—Don’t waste your time with me-too drugs. There was a time when drug companies could find investors to support the development of products that offered a minor improvement over existing therapies. “The era of the me-too drug is behind us,” Dunsire said. At Millennium, she said, the company quickly ends development of a drug if early tests show that the treatment is unlikely to significantly improve the lives of patients. Conversely, Millennium’s bone marrow cancer drug bortezomib (Velcade) has greatly improved the health of patients, with 2008 sales of more than $1.1 billion.
—Understand the different philosophies of the venture arms of pharmaceutical companies, because they are becoming more popular sources of early-stage financing for young biotechs. Campbell Murray, managing director of Novartis Venture Funds, and MedImmune Venture’s LeFlore explained that there are firm firewalls between their parent organizations and the portfolio companies in which they invest. So biotechs that accept investments from pharma-affiliated venture firms can expect many of the same terms as they get from traditional venture backers whose sole purpose is to generate returns on investments. Jean George, managing partner of Advanced Technology Ventures, noted that her firm did a survey that showed pharma companies were investors in about 10 percent of 191 recent Series A and B rounds closed by biotech firms. “We used to always ask whether we wanted pharmas involved in those companies,” George said, “and that’s changed.”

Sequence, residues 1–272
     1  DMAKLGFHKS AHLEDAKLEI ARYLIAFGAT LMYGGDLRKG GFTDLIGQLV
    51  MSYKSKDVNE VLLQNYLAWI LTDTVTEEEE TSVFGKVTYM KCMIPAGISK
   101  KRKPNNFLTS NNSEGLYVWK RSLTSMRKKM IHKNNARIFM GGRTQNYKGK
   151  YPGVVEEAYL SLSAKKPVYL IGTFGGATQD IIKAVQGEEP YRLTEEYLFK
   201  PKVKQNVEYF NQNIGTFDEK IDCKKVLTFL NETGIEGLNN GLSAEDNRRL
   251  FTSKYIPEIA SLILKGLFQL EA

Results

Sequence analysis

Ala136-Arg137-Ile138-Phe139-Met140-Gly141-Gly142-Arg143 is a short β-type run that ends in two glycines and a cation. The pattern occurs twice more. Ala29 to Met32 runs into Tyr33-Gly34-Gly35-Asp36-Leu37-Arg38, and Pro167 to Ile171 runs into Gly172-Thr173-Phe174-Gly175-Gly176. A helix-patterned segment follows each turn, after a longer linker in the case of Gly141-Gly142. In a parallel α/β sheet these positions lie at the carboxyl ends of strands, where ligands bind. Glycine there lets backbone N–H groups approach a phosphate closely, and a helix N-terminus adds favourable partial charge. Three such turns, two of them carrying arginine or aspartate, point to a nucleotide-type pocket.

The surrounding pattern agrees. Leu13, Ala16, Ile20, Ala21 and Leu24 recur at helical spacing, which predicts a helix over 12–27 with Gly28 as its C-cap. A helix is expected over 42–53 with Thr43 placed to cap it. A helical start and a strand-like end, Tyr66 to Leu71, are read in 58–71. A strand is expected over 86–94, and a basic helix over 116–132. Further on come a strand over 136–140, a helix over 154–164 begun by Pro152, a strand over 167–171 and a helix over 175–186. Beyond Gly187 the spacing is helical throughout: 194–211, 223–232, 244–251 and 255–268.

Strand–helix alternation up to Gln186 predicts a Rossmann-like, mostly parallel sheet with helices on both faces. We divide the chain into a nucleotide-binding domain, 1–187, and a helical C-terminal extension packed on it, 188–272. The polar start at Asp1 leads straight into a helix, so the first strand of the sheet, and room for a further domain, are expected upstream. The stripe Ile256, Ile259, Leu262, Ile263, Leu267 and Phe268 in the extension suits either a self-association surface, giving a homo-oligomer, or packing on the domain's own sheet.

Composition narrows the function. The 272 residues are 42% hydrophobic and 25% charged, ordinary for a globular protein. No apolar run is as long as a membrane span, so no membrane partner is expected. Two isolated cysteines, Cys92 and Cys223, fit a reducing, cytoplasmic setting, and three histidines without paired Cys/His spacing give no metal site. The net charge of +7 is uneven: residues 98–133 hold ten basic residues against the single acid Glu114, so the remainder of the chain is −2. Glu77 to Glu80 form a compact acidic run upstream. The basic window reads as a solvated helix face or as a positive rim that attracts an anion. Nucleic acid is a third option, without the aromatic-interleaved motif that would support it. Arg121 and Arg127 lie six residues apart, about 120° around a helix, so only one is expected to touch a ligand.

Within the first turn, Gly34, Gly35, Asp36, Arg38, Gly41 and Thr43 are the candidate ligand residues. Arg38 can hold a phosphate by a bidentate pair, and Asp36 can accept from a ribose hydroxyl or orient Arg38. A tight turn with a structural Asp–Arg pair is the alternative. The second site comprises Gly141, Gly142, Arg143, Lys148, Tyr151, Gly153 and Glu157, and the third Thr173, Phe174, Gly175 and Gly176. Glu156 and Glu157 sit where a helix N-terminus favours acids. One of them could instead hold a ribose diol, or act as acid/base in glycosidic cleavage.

—A big question for biotech investors and entrepreneurs is when the IPO window is going to reopen for venture-backed companies. Murray noted that prior to 1999, two-thirds of biotech exits were achieved through IPOs, but since then the mass majority of exits have been by way of M&A transactions. This has a lot to do with the lack of appetite among public investors to make bets on biotech IPOs, especially after they’ve been burned on previous ones. (See Luke’s story about how Seattle-based biotech Omeros’ badly performing IPO could adversely impact other companies seeking maiden public offerings.)
—Don’t be afraid to tell your story far and wide. “We were not a stealth company,” Westphal joked. “We were out there telling our story to the media and investors. Within 18 months of founding, we started meeting with people on the [public equity] buy-side in Boston.” Sirtris was also featured on Barbara Walters and graced the cover of Fortune Magazine, among other high-profile media exposure. Westphal and his scientific founder David Sinclair of Harvard Medical School are well practiced at talking about how their company is focused on activating genes that control aging to treat diseases. “A very easy story is an important thing.” Westphal said. “Straightforward and simple stories are good—if they are true.”